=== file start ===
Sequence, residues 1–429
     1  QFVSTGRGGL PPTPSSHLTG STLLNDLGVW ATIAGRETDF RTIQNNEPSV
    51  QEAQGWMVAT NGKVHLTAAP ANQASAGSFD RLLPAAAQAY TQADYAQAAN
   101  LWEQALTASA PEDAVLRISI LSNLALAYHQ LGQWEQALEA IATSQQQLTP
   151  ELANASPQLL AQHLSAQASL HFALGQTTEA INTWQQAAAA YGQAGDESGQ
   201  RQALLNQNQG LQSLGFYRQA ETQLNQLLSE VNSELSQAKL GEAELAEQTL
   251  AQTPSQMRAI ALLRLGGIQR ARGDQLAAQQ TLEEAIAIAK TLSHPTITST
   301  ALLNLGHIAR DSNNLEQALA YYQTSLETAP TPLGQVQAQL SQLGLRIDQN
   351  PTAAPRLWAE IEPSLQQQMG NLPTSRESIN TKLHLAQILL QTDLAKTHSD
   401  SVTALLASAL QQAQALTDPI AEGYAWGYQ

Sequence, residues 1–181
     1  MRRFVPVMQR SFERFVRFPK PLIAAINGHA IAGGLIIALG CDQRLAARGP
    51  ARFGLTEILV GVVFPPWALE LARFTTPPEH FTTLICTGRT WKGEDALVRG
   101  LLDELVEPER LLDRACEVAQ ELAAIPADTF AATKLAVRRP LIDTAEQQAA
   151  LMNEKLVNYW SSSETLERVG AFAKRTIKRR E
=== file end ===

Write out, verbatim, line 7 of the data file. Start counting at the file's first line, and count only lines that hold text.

   251  AQTPSQMRAI ALLRLGGIQR ARGDQLAAQQ TLEEAIAIAK TLSHPTITST